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When ‘Thoughts and Prayers’ are Not Enough: Why it’s Time to Humanize Crisis Statements

In the wake of the Uvalde school tragedy, the frequent call that “thoughts and prayers are not enough” resonated deeply. This sentiment underscores a growing numbness towards standardized expressions of empathy and compassion, which, while well-intentioned, often fall short in the face of real crisis. As these phrases become routine, their ability to truly address emotional pain diminishes, highlighting a need for more meaningful communication.

The practice of issuing corporate statements in times of crisis has become formulaic, often shaped more by legal considerations than genuine emotion. This approach results in communications that, while safe, lack the sincerity needed to resonate with those affected by tragedy. It’s time to evolve how we craft these messages, ensuring they truly reflect empathy and human connection, rather than just ticking off a checklist of expected responses.

At the heart of this issue is the difference between apologies and empathy. While apologies have their place, expressions of genuine empathy and compassion are critical, especially if they represent true sentiments rather than corporate rhetoric. The challenge lies in guiding leaders to navigate this nuanced landscape, balancing professionalism with the need for heartfelt communication. This shift requires a fundamental change in how leaders engage with crises, moving away from detached statements to responses that genuinely reflect the organization’s values and commitment to stakeholder wellbeing.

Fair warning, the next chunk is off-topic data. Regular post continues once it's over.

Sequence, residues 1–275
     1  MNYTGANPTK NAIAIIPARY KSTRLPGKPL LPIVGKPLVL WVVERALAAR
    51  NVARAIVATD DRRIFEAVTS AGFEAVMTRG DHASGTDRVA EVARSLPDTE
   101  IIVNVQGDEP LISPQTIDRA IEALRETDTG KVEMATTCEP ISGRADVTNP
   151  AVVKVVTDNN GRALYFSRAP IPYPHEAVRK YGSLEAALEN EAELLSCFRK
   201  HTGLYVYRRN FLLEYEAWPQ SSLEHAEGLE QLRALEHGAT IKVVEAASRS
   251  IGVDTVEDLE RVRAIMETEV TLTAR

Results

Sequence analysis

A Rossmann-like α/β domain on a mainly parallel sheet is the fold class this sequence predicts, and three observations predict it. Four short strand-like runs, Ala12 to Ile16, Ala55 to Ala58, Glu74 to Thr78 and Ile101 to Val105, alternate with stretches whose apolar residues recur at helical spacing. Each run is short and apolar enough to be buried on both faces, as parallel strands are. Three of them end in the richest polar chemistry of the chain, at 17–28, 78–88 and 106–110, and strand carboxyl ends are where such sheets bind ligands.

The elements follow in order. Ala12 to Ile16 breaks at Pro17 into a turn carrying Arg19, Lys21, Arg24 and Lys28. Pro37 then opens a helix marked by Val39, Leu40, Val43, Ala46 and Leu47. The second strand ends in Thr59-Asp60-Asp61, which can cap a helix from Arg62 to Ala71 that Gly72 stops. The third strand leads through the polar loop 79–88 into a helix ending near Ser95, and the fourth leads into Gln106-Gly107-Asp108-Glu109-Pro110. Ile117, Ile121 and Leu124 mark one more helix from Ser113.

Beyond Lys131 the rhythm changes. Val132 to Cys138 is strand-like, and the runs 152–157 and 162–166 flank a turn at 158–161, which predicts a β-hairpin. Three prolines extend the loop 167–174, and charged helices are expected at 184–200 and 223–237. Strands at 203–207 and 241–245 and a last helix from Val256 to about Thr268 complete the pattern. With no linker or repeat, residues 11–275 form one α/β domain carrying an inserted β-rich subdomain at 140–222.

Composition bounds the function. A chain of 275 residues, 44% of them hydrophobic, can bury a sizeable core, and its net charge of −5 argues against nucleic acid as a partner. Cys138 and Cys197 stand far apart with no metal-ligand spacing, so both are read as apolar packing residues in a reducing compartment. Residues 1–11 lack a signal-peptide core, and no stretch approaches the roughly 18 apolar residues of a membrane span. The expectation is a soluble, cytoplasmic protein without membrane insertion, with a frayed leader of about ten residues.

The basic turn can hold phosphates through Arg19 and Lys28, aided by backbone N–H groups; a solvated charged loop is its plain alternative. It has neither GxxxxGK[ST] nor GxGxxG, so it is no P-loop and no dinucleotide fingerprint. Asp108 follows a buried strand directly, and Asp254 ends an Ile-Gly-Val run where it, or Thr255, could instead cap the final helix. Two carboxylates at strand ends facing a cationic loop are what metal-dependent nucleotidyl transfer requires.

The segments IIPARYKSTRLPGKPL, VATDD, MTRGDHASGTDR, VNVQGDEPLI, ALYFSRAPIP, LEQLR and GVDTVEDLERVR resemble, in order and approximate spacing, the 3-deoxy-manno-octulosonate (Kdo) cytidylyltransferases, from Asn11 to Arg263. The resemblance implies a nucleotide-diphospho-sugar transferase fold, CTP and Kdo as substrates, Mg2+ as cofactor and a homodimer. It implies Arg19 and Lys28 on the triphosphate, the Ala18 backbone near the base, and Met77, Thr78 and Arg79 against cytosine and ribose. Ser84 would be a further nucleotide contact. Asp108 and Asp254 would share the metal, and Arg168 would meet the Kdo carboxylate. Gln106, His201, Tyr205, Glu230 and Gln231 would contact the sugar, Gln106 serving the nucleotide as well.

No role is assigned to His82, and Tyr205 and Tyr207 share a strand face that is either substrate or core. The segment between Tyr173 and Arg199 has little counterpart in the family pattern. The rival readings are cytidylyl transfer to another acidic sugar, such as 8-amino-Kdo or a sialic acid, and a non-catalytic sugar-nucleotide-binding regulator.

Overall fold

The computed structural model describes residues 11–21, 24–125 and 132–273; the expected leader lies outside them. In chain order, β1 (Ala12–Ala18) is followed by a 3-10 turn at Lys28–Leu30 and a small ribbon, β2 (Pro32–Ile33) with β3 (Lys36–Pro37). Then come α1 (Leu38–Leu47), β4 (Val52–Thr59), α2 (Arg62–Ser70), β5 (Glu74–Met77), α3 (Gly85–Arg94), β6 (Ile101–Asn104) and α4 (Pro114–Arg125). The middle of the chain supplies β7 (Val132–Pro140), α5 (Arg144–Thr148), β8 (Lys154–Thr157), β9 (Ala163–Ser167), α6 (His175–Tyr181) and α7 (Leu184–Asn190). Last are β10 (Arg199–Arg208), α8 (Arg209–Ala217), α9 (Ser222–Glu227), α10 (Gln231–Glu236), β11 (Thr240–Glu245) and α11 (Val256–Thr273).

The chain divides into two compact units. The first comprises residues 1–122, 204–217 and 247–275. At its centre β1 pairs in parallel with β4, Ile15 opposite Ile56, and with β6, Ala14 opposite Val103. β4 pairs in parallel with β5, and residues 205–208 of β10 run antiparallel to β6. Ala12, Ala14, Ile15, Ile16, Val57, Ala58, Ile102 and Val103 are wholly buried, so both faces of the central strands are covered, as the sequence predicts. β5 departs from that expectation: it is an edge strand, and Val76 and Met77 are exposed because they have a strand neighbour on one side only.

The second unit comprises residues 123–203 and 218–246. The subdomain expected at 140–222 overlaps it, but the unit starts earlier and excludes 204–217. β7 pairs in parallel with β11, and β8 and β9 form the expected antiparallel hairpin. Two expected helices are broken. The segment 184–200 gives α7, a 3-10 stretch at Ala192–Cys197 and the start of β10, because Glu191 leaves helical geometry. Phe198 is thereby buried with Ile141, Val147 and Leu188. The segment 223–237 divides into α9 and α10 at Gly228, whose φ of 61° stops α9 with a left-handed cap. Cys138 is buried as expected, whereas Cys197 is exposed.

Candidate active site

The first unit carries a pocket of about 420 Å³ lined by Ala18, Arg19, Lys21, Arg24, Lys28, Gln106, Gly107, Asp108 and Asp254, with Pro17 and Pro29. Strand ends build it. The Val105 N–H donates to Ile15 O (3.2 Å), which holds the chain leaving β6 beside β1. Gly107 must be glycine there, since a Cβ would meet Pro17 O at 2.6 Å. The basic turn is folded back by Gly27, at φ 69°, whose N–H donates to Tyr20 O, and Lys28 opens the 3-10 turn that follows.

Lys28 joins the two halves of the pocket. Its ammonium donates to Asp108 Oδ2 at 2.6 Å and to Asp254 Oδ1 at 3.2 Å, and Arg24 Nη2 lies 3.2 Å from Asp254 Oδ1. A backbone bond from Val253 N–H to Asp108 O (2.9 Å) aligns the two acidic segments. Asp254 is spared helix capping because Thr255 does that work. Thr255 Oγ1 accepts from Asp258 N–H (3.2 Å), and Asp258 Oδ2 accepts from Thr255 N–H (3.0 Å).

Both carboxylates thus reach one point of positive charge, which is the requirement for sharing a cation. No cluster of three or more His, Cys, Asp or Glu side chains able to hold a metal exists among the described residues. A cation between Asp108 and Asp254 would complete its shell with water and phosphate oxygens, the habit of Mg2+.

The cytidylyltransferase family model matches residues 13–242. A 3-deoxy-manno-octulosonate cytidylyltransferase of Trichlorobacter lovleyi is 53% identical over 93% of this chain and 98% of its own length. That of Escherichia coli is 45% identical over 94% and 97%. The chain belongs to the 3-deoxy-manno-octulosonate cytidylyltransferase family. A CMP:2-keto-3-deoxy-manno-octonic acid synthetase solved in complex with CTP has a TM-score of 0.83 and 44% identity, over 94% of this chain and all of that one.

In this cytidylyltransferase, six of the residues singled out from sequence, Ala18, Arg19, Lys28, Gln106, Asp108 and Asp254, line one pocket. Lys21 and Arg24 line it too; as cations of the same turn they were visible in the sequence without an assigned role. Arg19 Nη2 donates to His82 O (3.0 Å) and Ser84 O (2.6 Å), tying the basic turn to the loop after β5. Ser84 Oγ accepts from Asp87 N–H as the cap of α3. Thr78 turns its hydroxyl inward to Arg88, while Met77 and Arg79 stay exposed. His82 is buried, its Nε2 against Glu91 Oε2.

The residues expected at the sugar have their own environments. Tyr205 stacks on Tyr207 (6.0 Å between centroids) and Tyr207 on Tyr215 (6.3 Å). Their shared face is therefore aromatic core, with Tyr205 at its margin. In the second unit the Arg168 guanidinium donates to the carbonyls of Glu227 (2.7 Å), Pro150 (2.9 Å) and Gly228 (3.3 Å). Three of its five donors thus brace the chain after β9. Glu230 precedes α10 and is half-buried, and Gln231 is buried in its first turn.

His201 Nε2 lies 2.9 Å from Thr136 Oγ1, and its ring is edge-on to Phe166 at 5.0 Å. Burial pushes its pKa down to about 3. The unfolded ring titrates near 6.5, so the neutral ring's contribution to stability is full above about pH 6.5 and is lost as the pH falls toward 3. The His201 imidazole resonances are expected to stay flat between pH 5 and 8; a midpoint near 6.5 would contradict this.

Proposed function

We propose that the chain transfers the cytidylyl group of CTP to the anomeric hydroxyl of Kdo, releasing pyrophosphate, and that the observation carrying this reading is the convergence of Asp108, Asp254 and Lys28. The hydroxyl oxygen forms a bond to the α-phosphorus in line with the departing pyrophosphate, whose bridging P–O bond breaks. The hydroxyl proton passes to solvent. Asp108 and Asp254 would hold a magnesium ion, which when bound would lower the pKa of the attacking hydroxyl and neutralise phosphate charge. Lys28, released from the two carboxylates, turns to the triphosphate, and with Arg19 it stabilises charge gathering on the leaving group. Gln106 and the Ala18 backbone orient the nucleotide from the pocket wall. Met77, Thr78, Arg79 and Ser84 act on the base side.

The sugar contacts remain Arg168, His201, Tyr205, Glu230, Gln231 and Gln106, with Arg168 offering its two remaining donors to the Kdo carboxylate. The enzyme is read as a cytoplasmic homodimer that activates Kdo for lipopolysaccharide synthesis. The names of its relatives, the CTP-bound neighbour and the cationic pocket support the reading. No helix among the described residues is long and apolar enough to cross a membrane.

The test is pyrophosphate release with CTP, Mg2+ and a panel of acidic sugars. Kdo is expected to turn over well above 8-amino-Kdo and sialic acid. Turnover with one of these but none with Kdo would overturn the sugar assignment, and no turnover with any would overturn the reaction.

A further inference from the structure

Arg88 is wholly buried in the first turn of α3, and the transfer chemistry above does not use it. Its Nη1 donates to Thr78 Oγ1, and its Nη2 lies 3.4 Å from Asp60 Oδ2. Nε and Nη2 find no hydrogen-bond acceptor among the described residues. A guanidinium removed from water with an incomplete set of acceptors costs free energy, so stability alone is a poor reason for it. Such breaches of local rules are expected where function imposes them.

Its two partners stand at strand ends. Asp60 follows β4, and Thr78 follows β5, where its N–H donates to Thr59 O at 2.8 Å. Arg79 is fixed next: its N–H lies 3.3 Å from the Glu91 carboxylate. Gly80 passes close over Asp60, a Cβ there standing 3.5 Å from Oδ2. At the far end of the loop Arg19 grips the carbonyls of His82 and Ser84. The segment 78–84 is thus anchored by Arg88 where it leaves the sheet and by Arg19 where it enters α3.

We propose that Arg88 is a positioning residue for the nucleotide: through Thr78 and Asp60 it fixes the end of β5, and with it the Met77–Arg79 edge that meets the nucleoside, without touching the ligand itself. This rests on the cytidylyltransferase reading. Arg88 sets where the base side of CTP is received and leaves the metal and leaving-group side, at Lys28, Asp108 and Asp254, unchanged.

Recently, Deborah Hileman wrote about this for PR News.  Let’s see what she had to say…

After the Uvalde school shootings, several people said publicly that [statements of] “thoughts and prayers are not enough.” They were right. Unfortunately, we are desensitized to these expressions as empathy-and-compassion statements have become commoditized. As a result, they have lost their power to ease the emotional pain that accompanies crises.

I’ve reviewed hundreds of corporate statements issued for every manner of issue and crisis. The language has become what I would characterize as “textbook”—consistent, acceptable to attorneys—and wholly inadequate. The phrases lack emotion and they have been used so much as to be rendered pointless. It is time to rethink how we approach these statements.

Emotions are raw in a crisis, and even well-meaning but standard statements can be misinterpreted by victims and other stakeholders. We don’t want to create additional issues by failing to give these communications the attention they deserve.

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Photo Credit: shutterstock_115086937


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